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Mark Hull

Scientists say
that some food is surprisingly good
for you.

We all know that what we eat is critical to our health and well being. Much scientific research focuses on the medicinal properties of food. This area is gaining increasing attention as people realize that simple changes in diet can have a long term impact on our general health. Of course, there is nothing necessarily new in this. Many old sayings point to the beneficial properties of food. Scientists, however, are keen to understand why this may be. Recent studies have identified the following common fruits and vegetables as having important properties from which we can all benefit:

An apple a day... keeps hunger at bay

Researchers at the Brooke Army Medical Centre in San Antonio, Texas tested the impact of pectin (a soluble fibre found in the skin of apples and pears) on hunger. A test group of 74 people drank orange juice on an empty stomach. Some took juice laced with pectin, some without. All those taking the juice with pectin reported feeling little sense of hunger for up to four hours after the drink. Those drinking ordinary juice found themselves significantly more hungry more quickly.

The researchers believe that pectin may slow the digestion, keeping more food in the stomach for longer. So an apple a day may help keep hunger - as well as the doctor - away.

Berry good news

Blueberries have reached "superfood" status at the Department of Health in the US since scientists discovered that the substance which gives the berries their distinctive blue colour also contains anti-aging agents and cancer-inhibiting properties. The secret weapon here lies in the blueberries' antioxident compounds. These help fight harmful molecules in the body which may contribute to cancer and heart disease.

Antioxidents may also help reduce eyestrain, improve the circulation of blood, protect against sun damage to the skin and control diabetes. Scientists have discovered that blueberries have higher levels of antioxidents than most other common vegetables or fruits. Not surprisingly, many health specialists are now taking a closer look at this traditional summer fruit. Food experts recommend that we add a handful of blueberries to our daily diet to enjoy the benefits that the fruit's remarkable antioxidents can bring.

Brilliant broccoli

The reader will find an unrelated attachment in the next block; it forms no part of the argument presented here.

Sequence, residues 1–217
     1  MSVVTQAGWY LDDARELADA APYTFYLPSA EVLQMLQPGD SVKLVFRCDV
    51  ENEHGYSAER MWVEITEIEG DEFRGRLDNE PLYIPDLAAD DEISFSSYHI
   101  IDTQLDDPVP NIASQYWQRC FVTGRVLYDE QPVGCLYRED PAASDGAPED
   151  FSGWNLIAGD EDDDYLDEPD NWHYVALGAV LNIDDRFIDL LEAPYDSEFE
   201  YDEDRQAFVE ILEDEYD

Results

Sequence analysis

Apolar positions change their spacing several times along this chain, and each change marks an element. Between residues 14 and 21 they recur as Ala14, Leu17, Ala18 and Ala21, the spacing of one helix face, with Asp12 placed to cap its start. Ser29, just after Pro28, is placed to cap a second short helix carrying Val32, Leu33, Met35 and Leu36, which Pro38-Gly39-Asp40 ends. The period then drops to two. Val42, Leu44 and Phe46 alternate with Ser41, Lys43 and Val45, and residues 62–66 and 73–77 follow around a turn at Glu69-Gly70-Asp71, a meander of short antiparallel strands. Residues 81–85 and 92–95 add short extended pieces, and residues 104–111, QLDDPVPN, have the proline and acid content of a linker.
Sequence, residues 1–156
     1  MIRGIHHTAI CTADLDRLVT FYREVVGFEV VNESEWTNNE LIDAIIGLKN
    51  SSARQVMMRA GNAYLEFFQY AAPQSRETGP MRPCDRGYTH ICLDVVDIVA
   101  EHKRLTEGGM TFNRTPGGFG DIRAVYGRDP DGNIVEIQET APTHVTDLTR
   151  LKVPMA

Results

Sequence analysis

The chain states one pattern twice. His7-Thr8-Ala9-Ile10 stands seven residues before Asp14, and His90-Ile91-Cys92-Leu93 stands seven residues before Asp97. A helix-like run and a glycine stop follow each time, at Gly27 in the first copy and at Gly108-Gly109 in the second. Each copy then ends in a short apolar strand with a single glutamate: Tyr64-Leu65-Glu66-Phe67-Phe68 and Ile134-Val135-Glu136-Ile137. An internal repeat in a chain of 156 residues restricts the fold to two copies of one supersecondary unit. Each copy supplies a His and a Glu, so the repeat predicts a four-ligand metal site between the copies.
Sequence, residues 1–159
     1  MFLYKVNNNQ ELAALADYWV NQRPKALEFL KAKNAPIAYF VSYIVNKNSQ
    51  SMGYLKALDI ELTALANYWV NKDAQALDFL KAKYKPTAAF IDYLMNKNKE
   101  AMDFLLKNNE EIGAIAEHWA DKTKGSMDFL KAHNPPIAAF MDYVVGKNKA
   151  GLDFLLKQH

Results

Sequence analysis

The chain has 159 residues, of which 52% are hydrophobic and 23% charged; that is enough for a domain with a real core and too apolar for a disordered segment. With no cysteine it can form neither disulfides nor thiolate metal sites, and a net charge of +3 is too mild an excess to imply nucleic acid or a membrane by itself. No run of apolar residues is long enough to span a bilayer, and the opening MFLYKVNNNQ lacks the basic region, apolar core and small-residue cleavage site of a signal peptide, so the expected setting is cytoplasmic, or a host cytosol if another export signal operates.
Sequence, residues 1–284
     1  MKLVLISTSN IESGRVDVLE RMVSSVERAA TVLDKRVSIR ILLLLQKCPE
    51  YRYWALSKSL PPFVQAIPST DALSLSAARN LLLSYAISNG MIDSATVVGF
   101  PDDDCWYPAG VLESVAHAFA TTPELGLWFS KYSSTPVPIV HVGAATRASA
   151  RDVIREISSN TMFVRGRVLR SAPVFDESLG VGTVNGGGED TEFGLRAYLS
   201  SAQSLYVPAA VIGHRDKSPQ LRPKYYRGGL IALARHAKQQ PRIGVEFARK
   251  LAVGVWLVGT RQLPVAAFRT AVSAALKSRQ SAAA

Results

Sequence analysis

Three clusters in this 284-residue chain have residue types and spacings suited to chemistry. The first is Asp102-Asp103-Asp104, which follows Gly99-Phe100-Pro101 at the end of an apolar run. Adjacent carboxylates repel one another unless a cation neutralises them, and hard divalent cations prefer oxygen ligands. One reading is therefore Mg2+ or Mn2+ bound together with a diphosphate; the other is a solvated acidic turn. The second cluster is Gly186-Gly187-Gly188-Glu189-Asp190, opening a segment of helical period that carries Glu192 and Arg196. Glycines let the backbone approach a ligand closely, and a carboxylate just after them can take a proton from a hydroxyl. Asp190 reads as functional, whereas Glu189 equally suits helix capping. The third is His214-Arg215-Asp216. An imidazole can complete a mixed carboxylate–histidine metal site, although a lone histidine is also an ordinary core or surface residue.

The intake of good levels of folic acid has long been associated with healthy pregnancies in women and many health care systems prescribe folic acid as a matter of course to women in the early stages of pregnancy.

Scientists now believe that this long-established medical practice may contribute to the significantly lower rates of Alzheimer's disease noted among women. Studies have found that folic acid breaks down homocysteine, a hormone which is found in high levels among people suffering from Alzheimer's disease.

Broccoli is one of the very best sources of folic acids available naturally in food. Increasing broccoli in men's diet may, therefore, prove one of the most effective and easily-administered defences against this debilitating disease which damages its victims' memory and everyday ability to cope with the world.

Oranges and Lemons

The British navy used to give its sailors limes (or lemons) as part of the daily rations to fight scurvy. This practice gave rise to the derogatory term 'limey', once much employed by the American armed forces to denote an Englishman.

However, the British navy was on to a secret which has now found its way into the general diet of millions of people. The high vitamin C content of citrus food provides a powerful boost to the immune system in general and helps fight such ailments as the common cold. As a result, orange juice is just about the most common fruit juice drink on offer anywhere in the world.

Sixteenth century children in London probably only came into contact with these exotic and, at that time, very costly fruits through the well-known nursery rhyme "oranges and lemons, said the bells of St Clements". For them, an apple a day was the best way to take in this most invaluable of vitamins. Nowadays kiwi-fruits are probably the best alternative source of vitamin C for people tired of too much orange juice at the breakfast table.

Source: New English Digest


focuses on: centers on (se centra en)
are keen to
: are very enthusiastic at (están muy interesados en)
keeps hunger at bay: keeps the physiological need for food at a distance (mantiene el apetito alejado)
fibre: the substance like threads that is in fruits and vegetables (fibra)
with: with something added to it (complementado con)
may slow
: will probably slow (probablemente retrase)
cancer-inhibiting: preventing from cancer
(inhibidoras del cáncer)
sun damage: damages generated by sun rays (afecciones solares)
taking a closer look at: paying more attention to (prestando más atención)

remarkable: unusual, singular (destacados, notables)
intake: consumption, the process of taking food into the body through the mouth (ingesta, consumo)
pregnancies: gestations (embarazos)
debilitating: that makes the body weak (debilitadora)
to cope with: unusual, singular (para hacer frente a)
scurvy: a disease caused by deficiency of ascorbic acid (vitamin C), common among sailors, who did not eat enough fresh fruit
ailments: health problems (problemas de salud)
well-known nursery rhyme
: famous song for children (conocida canción infantil)